Nov 24, 2020 Letters
I wish to respond to the Mr. Jamil Changlee’s letter published in the Kaieteur News on November 21, 2020 and titled ‘Jagdeo has been recognized for his outstanding contribution. First of all, I wish to recognize the critical role played by the Kaieteur News and Stabroek News in facilitating these progressive discussions on how we should rethink our leadership and develop more appropriate pathways towards the development of our country, for all Guyanese.
Mr. Changlee, in his letter, was responding to another of my letters: ‘Mr. Jagdeo is a leader of yesterday, not today’.
The writer outlined that Mr. Jagdeo’s sterling contribution to “Eco=system Management has been recognized by leaders around the world as an outstanding contribution to humanity and the planet”.
He further noted that Mr. Jagdeo’s ability to achieve what he has done in eco-system management should not be disregarded because of political difference of opinion and that “It would be folly to throw out the baby with the bathwater”.
I wish to state that what I am doing is not “throwing out the baby with the bathwater”. As a matter of fact, I am helping us to rethink what is really the “baby” and what is the “bathwater”, as well as redefining the Vice President’s best role at this point.
The VP has served in key positions of leadership and he has probably developed a niche area in eco-systems management, climate change and economic development, which is necessary for someone with his background.
He now has an area that he can contribute towards, meaningfully.
Additionally, he can support the PPP/C’s government from behind the scenes, in terms of budgeting and finance. He is also a shrewd politician and I am not taking that away from him, but he is not the leader that can transform this multi-ethnic society into a cohesive country where we co-exist peacefully and grow and develop together.
Since the PPP/C government has gotten back into office on August 2, there is an obsession to prove that the APNU+AFC Coalition government was more corrupt than the previous PPP/C government.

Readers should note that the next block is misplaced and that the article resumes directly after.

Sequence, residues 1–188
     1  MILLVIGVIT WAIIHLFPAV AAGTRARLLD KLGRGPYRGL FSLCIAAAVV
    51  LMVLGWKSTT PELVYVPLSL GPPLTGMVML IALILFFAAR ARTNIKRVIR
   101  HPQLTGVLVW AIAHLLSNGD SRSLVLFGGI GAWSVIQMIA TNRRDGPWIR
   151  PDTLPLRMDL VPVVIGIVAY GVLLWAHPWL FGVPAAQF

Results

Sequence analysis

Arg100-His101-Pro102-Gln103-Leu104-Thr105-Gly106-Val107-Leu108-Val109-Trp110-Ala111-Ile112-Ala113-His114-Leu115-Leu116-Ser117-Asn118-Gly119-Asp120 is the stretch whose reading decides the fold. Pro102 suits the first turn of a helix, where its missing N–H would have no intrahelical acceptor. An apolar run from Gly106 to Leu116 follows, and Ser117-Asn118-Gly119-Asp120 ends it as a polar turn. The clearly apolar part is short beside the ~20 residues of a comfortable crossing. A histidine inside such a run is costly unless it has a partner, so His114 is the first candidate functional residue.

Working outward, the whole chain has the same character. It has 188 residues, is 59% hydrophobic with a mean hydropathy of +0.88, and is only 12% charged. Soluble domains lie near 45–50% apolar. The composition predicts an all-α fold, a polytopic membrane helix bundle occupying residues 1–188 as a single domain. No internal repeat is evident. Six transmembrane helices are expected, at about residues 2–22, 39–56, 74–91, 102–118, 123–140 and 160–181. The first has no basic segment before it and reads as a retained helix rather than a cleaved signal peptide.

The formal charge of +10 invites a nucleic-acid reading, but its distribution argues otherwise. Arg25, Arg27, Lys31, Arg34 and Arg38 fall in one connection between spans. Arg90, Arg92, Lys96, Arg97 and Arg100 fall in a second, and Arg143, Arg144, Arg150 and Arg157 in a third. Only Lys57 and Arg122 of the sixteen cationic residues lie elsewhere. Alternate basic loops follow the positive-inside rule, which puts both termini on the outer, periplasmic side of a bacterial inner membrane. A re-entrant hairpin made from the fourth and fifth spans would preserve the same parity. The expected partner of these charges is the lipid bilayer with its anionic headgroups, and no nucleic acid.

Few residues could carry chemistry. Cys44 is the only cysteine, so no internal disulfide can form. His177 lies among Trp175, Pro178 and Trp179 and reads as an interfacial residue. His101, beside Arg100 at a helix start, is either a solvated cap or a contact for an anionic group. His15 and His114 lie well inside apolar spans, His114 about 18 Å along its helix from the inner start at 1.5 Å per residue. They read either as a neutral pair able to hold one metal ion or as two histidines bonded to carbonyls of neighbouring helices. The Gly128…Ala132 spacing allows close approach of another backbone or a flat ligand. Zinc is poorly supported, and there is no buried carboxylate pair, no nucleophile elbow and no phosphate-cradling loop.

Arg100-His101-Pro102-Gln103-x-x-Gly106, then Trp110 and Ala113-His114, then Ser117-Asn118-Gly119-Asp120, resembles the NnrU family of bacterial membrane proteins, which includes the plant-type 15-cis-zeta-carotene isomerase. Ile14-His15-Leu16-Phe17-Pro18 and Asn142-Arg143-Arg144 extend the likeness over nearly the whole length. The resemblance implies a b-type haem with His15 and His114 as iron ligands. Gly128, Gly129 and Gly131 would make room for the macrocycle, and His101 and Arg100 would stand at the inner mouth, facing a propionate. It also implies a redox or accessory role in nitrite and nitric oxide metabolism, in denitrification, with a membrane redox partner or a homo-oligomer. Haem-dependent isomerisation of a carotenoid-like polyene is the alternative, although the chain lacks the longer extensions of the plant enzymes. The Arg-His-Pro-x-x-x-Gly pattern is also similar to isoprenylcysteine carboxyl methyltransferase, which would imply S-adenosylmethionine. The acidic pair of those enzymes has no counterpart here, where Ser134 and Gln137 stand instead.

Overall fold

However, a quick due diligence and Google search would reveal that both the PPP/C and the APNU/AFC governments were corrupt. If every government that gets into office does what the PPP/C is doing, then as a country, we will never progress. The people of Guyana deserve more, they deserve consistency and continuity; they deserve peace and stability.
Now back to what is the “baby” and what is the “bathwater”.
In this context, the Vice President is not the “baby”, he is a part of the “baby”. The real “baby” are those professional public servants who are being terminated and even disgraced.
What Guyana needs is a professional public service, not a “fixed” public service that can be manipulated. As Guyana expands its opportunities for investments, we need to develop a professional public sector.
Investors require a stable environment and there will be no stability if the PPP/C or APNU+AFC focus on the development of one section of the population.
For every professional public servant who is laid off, the income for about four to five persons as well as the household of that person, is reduced. Professional public servants are a part of the middle class of the society, therefore because they are busy, they employ other persons to provide services to their families. They may have a taxi driver who takes the children to school, a helper, a babysitter and probably someone who gets paid to keep their home surroundings clean. Also, they may have someone at church or in the community who they assist with transportation to school or support an elderly person.